By George Takei, Justin Eisinger, Steve Scott & Harmony Becker (Top Shelf)
ISBN: 978-1-603094-50-4 (TPB) 978-1-603094-70-2 (Expanded HB)
Graphic biographies are a relatively new form for English-language comics, but the wealth and variety of material already available is truly breathtaking and laudable. This exemplary example is a subtly understated but deeply moving chronicle exploring the events and repercussions of a truly shameful moment in American history, recalled and relived by a global icon of popular culture who also happens to be one of the USA’s most ardent advocates of democracy, justice and equality and top-level activist in the arenas of LGBTQ and Asian-American rights.
Although George Takei has celebrated and commemorated his life in prose autobiography To the Stars, here – in collaboration with writers Justin Eisinger & Steven Scott and illustrator Harmony Becker – the Hollywood star slyly shifts focus to explore in painful and revelatory detail the early years of his life: a formative period spent as a non-person behind barbed wire in his own country.
Recounted as non-linear, non-chronological episodes, the history and self-serving actions of American leaders (like Lt. General John L. DeWitt or Los Angeles Mayor Fletcher Bowron) who systematically stripped people of Japanese ethnicity of their rights, livelihoods, possessions and autonomy are seen through the eyes of a small child: observations which inevitably shaped the actor into a crusading defender of democratic principles of later life.
I’d love to say that’s simply a thing of the past, but kids are still being locked in cages and families split up…
On February 19th 1942, following the attack on Pearl Harbor, President Franklin Delano Roosevelt signed Executive Order 9066, dividing the country into military zones and effectively declaring all American citizens of Japanese origins enemy aliens. This led to their internment for the duration of the war in 10 isolated camps between the West Coast and Mississippi river.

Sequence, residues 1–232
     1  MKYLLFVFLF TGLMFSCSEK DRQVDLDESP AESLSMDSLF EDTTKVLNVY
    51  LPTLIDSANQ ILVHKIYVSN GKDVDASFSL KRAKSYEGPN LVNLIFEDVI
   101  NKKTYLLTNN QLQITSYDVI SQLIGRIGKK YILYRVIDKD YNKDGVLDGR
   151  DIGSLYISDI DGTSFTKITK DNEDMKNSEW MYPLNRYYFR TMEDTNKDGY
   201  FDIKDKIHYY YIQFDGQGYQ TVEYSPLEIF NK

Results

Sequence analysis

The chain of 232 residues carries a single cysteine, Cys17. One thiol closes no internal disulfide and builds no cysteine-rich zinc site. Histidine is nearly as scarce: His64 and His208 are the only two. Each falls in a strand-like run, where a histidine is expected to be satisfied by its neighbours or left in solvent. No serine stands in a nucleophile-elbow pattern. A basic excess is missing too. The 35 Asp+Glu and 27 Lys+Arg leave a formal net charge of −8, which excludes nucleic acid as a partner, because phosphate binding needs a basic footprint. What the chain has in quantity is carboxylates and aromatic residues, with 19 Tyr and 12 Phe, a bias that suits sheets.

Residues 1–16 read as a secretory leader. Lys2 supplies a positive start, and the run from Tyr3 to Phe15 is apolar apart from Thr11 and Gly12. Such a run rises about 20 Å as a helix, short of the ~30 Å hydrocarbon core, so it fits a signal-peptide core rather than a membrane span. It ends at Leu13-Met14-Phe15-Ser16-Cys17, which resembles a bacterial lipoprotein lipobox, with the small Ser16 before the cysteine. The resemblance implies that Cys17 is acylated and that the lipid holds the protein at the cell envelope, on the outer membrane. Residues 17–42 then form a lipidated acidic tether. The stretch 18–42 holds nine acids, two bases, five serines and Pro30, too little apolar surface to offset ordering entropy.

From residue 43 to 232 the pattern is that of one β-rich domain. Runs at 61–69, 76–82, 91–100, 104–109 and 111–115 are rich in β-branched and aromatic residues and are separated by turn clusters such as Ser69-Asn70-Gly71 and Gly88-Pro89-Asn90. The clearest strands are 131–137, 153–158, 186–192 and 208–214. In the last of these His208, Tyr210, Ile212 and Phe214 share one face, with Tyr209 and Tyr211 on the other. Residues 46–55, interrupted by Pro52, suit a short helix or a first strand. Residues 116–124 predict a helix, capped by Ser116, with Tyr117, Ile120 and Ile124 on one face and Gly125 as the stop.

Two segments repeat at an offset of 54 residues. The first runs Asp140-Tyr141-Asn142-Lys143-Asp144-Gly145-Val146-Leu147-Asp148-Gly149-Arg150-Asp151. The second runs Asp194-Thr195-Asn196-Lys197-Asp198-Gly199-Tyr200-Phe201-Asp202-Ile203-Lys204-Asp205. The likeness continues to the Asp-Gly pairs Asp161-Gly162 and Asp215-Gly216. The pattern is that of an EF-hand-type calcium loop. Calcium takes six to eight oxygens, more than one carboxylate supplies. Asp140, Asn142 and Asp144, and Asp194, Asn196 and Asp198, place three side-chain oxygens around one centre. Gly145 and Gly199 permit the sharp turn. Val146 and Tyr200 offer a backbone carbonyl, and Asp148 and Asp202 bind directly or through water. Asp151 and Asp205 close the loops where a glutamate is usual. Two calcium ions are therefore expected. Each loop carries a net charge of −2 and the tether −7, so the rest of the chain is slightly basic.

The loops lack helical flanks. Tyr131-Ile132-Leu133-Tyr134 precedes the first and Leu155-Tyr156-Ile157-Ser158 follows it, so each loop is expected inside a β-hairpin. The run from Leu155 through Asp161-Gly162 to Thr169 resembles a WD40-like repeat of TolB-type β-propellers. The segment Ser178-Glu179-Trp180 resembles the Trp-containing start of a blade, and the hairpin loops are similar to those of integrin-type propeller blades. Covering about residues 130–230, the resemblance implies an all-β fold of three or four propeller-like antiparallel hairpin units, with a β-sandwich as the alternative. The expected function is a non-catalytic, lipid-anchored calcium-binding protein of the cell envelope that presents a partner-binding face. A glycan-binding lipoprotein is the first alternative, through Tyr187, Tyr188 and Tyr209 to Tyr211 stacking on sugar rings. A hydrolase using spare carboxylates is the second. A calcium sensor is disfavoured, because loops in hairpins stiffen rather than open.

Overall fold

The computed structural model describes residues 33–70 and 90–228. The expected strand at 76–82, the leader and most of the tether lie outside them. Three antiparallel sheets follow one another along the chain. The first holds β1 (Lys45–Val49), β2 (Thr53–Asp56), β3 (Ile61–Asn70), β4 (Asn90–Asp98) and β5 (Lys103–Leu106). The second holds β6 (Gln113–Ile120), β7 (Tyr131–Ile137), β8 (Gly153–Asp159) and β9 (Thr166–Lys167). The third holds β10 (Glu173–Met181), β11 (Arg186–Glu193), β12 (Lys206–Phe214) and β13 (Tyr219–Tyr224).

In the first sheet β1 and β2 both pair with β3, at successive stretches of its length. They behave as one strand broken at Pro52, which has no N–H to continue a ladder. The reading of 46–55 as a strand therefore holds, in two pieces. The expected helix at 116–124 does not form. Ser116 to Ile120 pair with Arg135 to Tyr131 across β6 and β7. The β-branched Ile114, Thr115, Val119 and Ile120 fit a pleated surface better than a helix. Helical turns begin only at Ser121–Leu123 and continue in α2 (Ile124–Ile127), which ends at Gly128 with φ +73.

In surprisingly fond recollections of camp life, we share the notions of baffled children (George, brother Henry, sister Nancy Reiko and many new pals) and the lasting, post-war consequences of divisively authoritarian stunts such as legally-binding loyalty pledges, de-fanged and counterpointed by modern day discussions and triumphant moments of past injustices finally addressed.
As well as exposing the human costs of a shameful period of state-sanctioned, opportunistic profiteering and proud racism, this tale is a testament to human endurance, perseverance and innate dignity, with moments of delightful warmth and genuine humour, bolstered by actions of unsung humanitarian heroes like Takei’s own parents and pioneering civil rights lawyer Wayne M. Collins. Their tireless fortitude and resistance to oppression, along with the efforts of countless others, offers inspiration and hope for all suffering similar restraint and abuse while sadly proving that some battles may never end.
They Called Us Enemy is a compelling, charming and informative account of injustice and unchecked ignorance endured with plenty of points as pertinent now as they ever were.
In 2020 and expanded edition was released with 16 pages of extra material and is also available as both a physical hardback and in digital formats.
They Called Us Enemy © 2019 George Takei. All Rights Reserved.